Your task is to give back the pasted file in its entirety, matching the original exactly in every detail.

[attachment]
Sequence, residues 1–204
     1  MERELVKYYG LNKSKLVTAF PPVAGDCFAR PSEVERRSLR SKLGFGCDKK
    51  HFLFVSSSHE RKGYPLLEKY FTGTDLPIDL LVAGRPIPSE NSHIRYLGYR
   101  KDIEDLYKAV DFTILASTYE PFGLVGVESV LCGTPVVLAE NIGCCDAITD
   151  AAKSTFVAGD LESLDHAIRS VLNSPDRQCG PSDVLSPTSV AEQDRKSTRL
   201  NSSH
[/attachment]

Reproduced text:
Sequence, residues 1–204
     1  MERELVKYYG LNKSKLVTAF PPVAGDCFAR PSEVERRSLR SKLGFGCDKK
    51  HFLFVSSSHE RKGYPLLEKY FTGTDLPIDL LVAGRPIPSE NSHIRYLGYR
   101  KDIEDLYKAV DFTILASTYE PFGLVGVESV LCGTPVVLAE NIGCCDAITD
   151  AAKSTFVAGD LESLDHAIRS VLNSPDRQCG PSDVLSPTSV AEQDRKSTRL
   201  NSSH